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Bid to end Keystone debate fails

The Senate on Monday failed to end debate on legislation to approve the Keystone XL pipeline, making it likely that a final vote on the measure won't take place until next week.

In a 53-39 vote, the Senate fell six votes short of the 60 needed to end debate. Senate Majority Leader Mitch McConnellAddison (Mitch) Mitchell McConnellLawmakers feel pressure on guns Bipartisan group of House lawmakers urge action on Export-Import Bank nominees Curbelo Dem rival lashes out over immigration failure MORE (R-Ky.) switched his vote from yes to no, a procedural move that allows him to bring up the motion again.

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The tally fell short because several Democrats who support building the pipeline voted to continue the debate. A number of GOP senators also missed the vote because of their travel plans. 

"Today Democrats reaffirmed we wanted to continue that process and we are not going to let McConnell shut the process down," Sen. Charles SchumerCharles (Chuck) Ellis SchumerDemocrats now attack internet rules they once embraced Schumer: Trump budget would ‘cripple’ gun background checks Schumer: Senate Republicans' silence 'deafening' on guns, Russia MORE (D-N.Y.) told reporters after the vote.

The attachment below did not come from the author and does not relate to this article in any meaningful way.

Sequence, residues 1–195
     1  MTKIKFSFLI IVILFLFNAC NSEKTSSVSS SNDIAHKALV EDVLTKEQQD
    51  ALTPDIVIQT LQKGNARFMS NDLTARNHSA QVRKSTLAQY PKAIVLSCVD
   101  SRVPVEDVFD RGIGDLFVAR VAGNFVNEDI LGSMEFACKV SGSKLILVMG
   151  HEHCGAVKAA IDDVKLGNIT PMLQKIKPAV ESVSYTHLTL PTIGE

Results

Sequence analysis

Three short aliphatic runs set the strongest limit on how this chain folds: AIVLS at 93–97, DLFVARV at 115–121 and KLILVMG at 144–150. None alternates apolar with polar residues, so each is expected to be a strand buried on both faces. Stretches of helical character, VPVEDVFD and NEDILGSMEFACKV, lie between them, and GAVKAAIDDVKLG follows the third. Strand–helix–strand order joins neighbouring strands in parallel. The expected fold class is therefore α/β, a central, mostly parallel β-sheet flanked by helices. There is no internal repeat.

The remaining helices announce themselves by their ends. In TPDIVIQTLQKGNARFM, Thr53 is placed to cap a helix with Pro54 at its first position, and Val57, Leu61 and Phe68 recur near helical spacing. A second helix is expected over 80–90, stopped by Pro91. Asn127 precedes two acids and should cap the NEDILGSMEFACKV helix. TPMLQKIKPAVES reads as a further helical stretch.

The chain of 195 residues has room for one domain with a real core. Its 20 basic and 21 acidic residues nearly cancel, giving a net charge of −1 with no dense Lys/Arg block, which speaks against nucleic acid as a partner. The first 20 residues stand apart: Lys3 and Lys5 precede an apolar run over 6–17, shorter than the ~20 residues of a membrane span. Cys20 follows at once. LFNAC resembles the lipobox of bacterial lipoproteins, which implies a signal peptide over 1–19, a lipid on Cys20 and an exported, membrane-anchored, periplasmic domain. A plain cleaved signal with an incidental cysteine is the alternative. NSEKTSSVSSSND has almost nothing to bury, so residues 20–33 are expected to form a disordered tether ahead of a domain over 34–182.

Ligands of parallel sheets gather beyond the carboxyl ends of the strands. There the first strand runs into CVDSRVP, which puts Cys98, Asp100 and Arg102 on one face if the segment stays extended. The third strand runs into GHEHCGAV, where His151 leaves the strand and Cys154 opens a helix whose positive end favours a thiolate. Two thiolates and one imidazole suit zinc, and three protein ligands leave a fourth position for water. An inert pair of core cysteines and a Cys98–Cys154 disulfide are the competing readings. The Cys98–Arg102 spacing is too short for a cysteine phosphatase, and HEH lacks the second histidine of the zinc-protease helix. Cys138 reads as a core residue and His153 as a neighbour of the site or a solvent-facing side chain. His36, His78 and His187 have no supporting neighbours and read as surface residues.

"We don't want Sen. McConnell especially after all the hop-de-do about an open process, open amendments, to shut it down at his whim. We are not ready to do that yet, there are more amendments pending," Schumer said.

Four Democrats voted to end the debate: Sens. Joe ManchinJoseph (Joe) ManchinPavlich: The claim Trump let the mentally ill get guns is a lie Toomey to introduce bill broadening background checks for firearms Scott Walker backs West Virginia attorney general in GOP Senate primary MORE (W.Va.), Heidi HeitkampMary (Heidi) Kathryn HeitkampSenate rejects Trump immigration plan Cramer to announce North Dakota Senate run on Friday Senate Democrats not sold on bipartisan immigration deal MORE (N.D.), Michael BennetMichael Farrand BennetColorado senators pitch immigration compromise Colorado senators mark Olympics with Senate hallway curling GOP Senate candidate fundraising lags behind Dems in key races MORE (Colo.) and Joe DonnellyJoseph (Joe) Simon DonnellyDemocrats now attack internet rules they once embraced Dem group launches M ad buy to boost vulnerable senators Senate rejects Trump immigration plan MORE (Ind.). Every Republican present in the chamber also voted to end debate.

Three Democrats voted against ending debate even though they support constructing the pipeline itself: Sens. Jon TesterJonathan (Jon) TesterWith vote against Brownback, Democrats abandon religious freedom Democrat Manchin: Pence attacks prove ‘they don't want bipartisanship’ in Trump admin Tester invited the Border Patrol Union’s president to the State of the Union. What does that say to Dreamers?   MORE (Mont.), Bob CaseyRobert (Bob) Patrick CaseyDems hit stock buybacks in tax law fight Dem senator warns Mueller against issuing Russia report near 2018 election Dem praises gay US Olympian who feuded with Pence MORE (Pa.) and Tom Caper (Del.).